Paul Higgins, operations director at Mace, provides his top 10 tips on how businesses can incorporate sustainability principles when burdened with financial constraints.
1. Understand the way the business operates in terms of sustainable processes and resources now
Find out what ‘sustainability’ means to the staff at all levels – agree a common definition and share this.
Find out too what processes are already in place. There will be some in varying degrees of completeness or effectiveness - decide their pros and cons in value-added terms, do a gap analysis, and develop a common standard across the organisation.
2. Help shape how these processes and resources can be made more efficient
Look at what you have found and how it can be improved without it costing any more. Test this with colleagues. For example, could you do something differently, better or not at all? What would be the outcome? Is it value for money?
Could there be training to help all employees better understand it?
Once all the key questions have been considered, select the best way with which to implement key changes.
3. Benchmark your costs against others in an organisation
How much are you spending on your sustainability practices? In order to have the most cost-effective practices, benchmark how much you’re spending against others in an organisation to get an idea of a practical budget. There will be good and bad practice, so capture the good.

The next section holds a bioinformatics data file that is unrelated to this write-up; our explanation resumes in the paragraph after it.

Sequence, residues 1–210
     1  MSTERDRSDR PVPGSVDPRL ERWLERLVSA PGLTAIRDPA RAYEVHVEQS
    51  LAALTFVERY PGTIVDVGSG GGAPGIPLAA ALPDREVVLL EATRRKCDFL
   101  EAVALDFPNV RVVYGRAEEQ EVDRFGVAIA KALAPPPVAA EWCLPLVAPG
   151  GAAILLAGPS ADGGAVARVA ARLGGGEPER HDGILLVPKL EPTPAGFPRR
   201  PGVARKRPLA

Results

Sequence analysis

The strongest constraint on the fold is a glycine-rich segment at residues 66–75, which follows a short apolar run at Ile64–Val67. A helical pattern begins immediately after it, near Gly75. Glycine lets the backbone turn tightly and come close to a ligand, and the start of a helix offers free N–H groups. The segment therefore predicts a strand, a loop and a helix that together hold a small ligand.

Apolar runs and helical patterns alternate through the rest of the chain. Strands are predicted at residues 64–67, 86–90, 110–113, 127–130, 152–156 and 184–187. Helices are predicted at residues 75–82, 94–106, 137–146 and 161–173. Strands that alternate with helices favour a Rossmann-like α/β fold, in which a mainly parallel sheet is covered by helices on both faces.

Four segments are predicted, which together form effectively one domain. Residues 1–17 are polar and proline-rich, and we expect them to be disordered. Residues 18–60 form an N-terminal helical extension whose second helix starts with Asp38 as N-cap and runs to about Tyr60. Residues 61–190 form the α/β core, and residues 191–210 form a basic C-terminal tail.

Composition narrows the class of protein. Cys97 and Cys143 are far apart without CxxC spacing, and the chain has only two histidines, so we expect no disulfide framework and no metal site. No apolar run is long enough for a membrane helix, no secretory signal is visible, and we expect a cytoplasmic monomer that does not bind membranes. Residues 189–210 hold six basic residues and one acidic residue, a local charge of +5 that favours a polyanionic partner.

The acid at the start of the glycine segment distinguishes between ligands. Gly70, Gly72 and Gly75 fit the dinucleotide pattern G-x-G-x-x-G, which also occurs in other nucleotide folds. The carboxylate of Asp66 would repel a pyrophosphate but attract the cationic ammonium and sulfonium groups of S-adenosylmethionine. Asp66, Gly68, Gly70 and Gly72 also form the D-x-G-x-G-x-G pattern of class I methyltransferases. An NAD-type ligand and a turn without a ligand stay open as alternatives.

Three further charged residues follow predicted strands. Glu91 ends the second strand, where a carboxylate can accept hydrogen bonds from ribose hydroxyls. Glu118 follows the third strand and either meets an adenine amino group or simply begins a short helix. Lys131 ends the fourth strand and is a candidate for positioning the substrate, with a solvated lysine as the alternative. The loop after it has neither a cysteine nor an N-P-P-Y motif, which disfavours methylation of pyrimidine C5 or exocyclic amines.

4. Seek advice with how resource and efficiency can be organised
Through taking advice from others on how resource and efficiency can be organised, you can learn some key tips for future reference. By getting a wide range of information before implementing any resource and efficiency practices, you and your team can gain a better understanding of what needs to be done.
5. Initiate the dialogue with the people who will deliver the solutions to test their viability
Engage with the people within the organisation who are in a position to make decisions, spread influence and encourage others. Make them ‘champions of change’ and keep them in the communications loop as advocates
6. Use your influence to encourage your team to want to change, people need to be willing
Use your position to help your team get motivated towards having a more sustainable and efficient environment. In order to be successful in your practices, it will need to be a team effort, so helping everyone to become and remain motivated is crucial.
7. Take small steps rather than big strides
When implementing new sustainable processes and resources, especially when considering spending, is it important to make small changes within a structured timetable. This will minimise chances of failure or disappointment and maintain motivation within your team. Smaller changes will be easier to implement, large ones leave more room for failure and could end up being counter-productive.
8. Monitor progress along the way
Setbacks are not negatives, they are positives. Remember, if you don’t have targets and measure progress towards them how do you know how well you are doing? What isn’t measured isn’t managed!
9. Reinvest the savings made
Adopting sustainable measures doesn’t need to create a financial burden – at least not over the long term. Reducing carbon in all its forms reduces consumption, which in turn reduces costs.
Let people know the money is used in a positive way and they will be keen to engage.
10. Celebrate success
Take the time to celebrate any successes you have with sustainability practices within the workplace. This will go hand in hand with helping those around you to stay motivated.
☛ Paul Higgins is operations director at Mace